We not only had to adjust our itinerary, but we also had to allot more time for packing. It’s amazing that someone so small requires so much gear, and the older baby gets, the more you have to haul. Along with our umbrella stroller, we also brought our car seat. One of our most useful pieces of gear was a baby backpack that allowed us to hike through the countryside, although I felt like a royal elephant carrying around the king in his howdah.

We brought enough food and diapers just to get us settled and bought the rest in Ireland. The jars of hearty shepherd’s pie and creamy rice pudding were a bit foreign to our son’s American palate, but the European version of Cheerios was just as much of a hit as it is back home and a godsend when Mr. Fussy started to get bored on our road trips.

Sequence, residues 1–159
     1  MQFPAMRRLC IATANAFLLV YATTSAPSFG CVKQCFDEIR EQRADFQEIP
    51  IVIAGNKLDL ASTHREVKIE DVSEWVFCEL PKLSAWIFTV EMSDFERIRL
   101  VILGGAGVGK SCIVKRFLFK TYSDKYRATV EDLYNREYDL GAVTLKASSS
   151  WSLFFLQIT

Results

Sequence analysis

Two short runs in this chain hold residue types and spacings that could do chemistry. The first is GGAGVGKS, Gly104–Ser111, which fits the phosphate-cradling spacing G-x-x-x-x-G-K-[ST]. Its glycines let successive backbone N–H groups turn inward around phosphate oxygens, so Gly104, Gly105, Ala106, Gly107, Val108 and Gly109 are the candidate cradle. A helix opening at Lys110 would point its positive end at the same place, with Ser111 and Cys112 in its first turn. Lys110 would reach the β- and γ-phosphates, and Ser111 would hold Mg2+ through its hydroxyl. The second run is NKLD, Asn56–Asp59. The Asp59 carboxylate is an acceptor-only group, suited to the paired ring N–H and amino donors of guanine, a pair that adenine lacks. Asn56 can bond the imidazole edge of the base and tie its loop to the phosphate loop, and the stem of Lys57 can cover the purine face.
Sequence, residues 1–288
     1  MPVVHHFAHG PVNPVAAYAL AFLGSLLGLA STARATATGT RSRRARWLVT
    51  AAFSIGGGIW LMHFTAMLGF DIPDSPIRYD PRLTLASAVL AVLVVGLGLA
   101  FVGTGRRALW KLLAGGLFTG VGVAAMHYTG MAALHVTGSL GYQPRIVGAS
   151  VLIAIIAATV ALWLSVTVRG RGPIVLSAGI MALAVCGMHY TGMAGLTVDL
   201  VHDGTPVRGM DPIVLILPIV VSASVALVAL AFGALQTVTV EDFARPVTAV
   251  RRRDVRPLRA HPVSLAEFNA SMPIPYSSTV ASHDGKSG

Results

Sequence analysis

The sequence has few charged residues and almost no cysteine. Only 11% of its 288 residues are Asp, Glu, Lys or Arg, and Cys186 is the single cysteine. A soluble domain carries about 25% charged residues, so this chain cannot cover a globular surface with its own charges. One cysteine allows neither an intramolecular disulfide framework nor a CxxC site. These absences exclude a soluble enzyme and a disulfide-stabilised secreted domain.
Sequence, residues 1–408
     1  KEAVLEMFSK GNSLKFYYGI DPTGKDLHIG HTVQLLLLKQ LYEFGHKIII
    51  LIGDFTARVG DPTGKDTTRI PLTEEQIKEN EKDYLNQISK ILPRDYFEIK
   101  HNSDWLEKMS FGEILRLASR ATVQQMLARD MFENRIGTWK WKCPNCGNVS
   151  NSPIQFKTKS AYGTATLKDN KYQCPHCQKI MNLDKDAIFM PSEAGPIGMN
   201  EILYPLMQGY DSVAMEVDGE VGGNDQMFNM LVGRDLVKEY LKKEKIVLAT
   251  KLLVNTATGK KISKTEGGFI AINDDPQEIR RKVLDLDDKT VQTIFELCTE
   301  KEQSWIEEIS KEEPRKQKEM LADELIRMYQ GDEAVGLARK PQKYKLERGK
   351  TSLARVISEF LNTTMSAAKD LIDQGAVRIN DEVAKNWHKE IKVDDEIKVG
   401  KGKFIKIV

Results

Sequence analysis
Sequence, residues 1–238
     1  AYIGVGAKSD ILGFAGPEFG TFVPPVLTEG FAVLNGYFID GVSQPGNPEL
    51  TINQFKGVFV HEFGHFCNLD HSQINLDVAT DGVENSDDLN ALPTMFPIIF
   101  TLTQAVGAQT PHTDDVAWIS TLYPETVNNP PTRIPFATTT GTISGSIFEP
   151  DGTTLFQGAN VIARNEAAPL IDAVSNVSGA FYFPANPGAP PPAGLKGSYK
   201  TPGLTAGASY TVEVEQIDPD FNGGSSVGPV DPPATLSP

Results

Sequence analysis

Shelly Rivoli, author of “Travels with Baby’’ and a mom who has changed diapers on four continents, says parents can also use a delivery service such as Babies Travel Lite to ship baby food, formula, and other supplies to their destination. “It’s a good option if your baby has allergies or sensitivities, or you’re just not sure what you’ll find at a more remote or underdeveloped destination.’’

Harriman also recommends packing a baby food mill. “That way kids can eat what you eat, and you know it’s always fresh,’’ she says.

Even if you rent a home with a kitchen, part of the fun of traveling is eating out. Although fine restaurants were obviously out of the question, we found the village pubs perfectly suited for young eaters (and al fresco dining works well, too).

Most of the pubs had high chairs, which Harriman says is common for Northern Europe. Just don’t expect that to be the case everywhere.